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  #8  
Old 03-11-2009, 10:36 AM
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Were talking about several different critters here. Ground hogs are big critters that can stand a foot tall and they can dig big holes and live in the East. Rock chucks are a member of the Marmot family and dig and live in rocky areas they can stand 12 to 16 inches tall and again are big critters for their size.

Ground squirrels or sage rats are small coke bottle size critters that like meadows and field edges and like living in colonies of a bunch. All eat lots of grass. 10 Ground Squirrels can eat as much grass as a cow per day.

We shoot them to lower populations and though they can be shot out it's pretty hard to do. Folks like to plunk them at long ranges with center fire varmint rifles in 17, 20 and 22 caliber and at close ranges with rimfires.
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Old 03-11-2009, 12:01 PM
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Quote:
Originally Posted by faucettb View Post
Were talking about several different critters here.

Ground hogs are big critters that can stand a foot tall and they can dig big holes and live in the East.

Rock chucks are a member of the Marmot family and dig and live in rocky areas they can stand 12 to 16 inches tall and again are big critters for their size.

Ground squirrels or sage rats are small coke bottle size critters that like meadows and field edges and like living in colonies of a bunch.
I wasnt quite sure to which animal the term "belly draggers" referred, but I'm pretty sure MikeG and I are talking about groundhogs (a.k.a. Marmota monax, woodchucks, land beavers, Punxsutawney Phil, etc.).

I knew of rock chucks (a.k.a. marmots, yellow-bellied marmots, Marmota flaviventris, etc.), the ones you mentioned in your earlier post, Bob, but I just didnt know if they were the "belly draggers." Considering how similar they are in size, shooting equipment should be the same for either, no?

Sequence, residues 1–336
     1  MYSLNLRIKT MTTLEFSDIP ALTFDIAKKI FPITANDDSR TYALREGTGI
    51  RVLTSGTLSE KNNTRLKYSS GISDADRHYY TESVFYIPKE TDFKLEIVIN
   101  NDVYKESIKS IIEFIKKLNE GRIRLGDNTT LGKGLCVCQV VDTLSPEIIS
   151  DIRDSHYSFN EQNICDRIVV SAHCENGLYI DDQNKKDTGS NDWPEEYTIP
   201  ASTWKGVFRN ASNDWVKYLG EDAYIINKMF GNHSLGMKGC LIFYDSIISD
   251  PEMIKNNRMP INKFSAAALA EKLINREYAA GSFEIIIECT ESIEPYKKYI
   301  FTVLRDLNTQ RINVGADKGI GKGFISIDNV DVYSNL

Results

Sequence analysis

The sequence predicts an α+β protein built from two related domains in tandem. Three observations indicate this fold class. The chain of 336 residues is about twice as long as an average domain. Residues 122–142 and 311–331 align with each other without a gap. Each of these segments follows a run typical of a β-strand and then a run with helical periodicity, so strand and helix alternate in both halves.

I know I wasnt talking about any species of the smaller ground squirrels, prairie dogs, tree squirrels, chipmunks, musk rats, nutria, beavers, or anything the like.

I hope this narrows it down.
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  #10  
Old 03-11-2009, 02:14 PM
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The "Belly Draggers" of the original post is intended to indicate Rock Chucks, unless Darkker has shifted his vernacular again.
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  #11  
Old 03-11-2009, 04:32 PM
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Yes, "Belly-draggers" are rock chucks, and "chiselers" are Ground Squirrels from Bob's neck of the woods.
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  #12  
Old 03-12-2009, 07:36 AM
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Quote:
Originally Posted by Darkker View Post
Yes, "Belly-draggers" are rock chucks, and "chiselers" are Ground Squirrels from Bob's neck of the woods.
My mistake . . .

Seeing as how I posted in a Pacific Northwest hunting thread while not actually being from the Pacific Northwest, I was not aware of the local expressions.

My sincerest apologies.

Last edited by Newbie53; 03-12-2009 at 07:41 AM.
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  #13  
Old 03-12-2009, 11:14 AM
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I think you'll find, Newbie53, that Darkker has some 'unique' expressions for things which may or may not be shared by... well, by anyone at all! All in good fun.